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Shortlands/ Blackmarsh Sewer

Shortlands / Blackmarsh Sewer


Shortlands sewer flows from Walthamstow, parallel with Dagenham Brook. The channel was largely filled in when the Lea flood relief channel was built from1950–60.


The sewer formed the traditional boundary between the inclosed marsh and lammas lands of Leyton Marsh.


In the 16th century, prior to the development of the Lea Bridge Road, a wooden causeway comprising 12 footbridges led from Blackbridge, crossing theShortlandssewerwest of Hemstall Green, and over the marsh to Lockbridge (the earlier incarnation of the Lea Bridge of today).

The sewer was known as Blackmarsh as it travelled through Walthamstow Marshes, possibly the origin of the 'Black path'.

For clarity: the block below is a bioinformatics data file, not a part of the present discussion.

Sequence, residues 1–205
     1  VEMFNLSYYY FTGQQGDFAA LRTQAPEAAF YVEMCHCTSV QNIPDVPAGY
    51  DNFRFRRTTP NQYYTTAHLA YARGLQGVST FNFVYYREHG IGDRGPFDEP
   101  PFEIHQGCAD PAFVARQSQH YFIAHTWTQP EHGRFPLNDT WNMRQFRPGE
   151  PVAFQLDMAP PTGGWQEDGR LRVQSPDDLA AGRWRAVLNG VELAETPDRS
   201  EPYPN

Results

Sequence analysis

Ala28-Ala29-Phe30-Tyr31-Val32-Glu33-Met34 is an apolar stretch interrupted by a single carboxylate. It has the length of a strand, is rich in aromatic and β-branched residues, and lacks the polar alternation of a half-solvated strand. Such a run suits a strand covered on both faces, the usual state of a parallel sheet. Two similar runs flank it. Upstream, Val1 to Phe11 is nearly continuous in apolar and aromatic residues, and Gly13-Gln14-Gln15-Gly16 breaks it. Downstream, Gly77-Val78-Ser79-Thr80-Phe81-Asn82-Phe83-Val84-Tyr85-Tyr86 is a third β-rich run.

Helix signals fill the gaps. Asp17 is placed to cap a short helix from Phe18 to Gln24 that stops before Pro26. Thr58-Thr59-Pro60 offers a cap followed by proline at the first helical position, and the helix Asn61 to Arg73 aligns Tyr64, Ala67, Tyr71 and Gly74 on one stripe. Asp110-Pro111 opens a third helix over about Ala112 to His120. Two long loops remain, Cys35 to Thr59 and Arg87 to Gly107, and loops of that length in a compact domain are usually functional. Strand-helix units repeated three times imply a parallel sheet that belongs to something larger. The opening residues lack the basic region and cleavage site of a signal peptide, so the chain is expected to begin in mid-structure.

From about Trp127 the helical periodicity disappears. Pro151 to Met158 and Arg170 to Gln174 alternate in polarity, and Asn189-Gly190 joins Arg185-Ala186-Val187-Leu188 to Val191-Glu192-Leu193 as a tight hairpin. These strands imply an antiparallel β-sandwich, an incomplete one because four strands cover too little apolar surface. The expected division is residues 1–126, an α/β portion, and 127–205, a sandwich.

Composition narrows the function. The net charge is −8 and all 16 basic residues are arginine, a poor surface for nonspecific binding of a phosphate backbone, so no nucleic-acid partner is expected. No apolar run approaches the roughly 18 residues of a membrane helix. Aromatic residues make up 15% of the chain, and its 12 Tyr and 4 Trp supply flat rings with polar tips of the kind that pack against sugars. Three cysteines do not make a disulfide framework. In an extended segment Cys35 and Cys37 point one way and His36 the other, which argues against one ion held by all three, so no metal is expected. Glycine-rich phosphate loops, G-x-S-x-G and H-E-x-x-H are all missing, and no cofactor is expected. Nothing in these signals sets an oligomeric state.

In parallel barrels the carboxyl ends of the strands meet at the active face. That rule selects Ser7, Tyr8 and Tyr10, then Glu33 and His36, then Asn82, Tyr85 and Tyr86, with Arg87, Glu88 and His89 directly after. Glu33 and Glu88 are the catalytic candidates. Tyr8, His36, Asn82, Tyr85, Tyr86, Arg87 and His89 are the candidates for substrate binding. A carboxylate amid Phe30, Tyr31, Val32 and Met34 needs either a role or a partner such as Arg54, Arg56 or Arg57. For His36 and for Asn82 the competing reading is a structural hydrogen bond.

There are two remaining features. A Shortlands Sewer Trash Screen can be seen between the Waterworks Nature Reserve and Golf Centre and the adjacent Railway line. A short section of channel remains on the southern part of Walthamstow Marsh, west of the Flood Relief Channel, below electricity pylons.


'Leyton: Economic history, marshes and forests', A History of the County of Essex: Volume 6 (1973), pp. 197-205

Lee Conservancy Catchment Board. National Archives

Marsh Lane playing Fields Archaeological Assessment. Museum of London 2007

leabridge.org.uk December 2012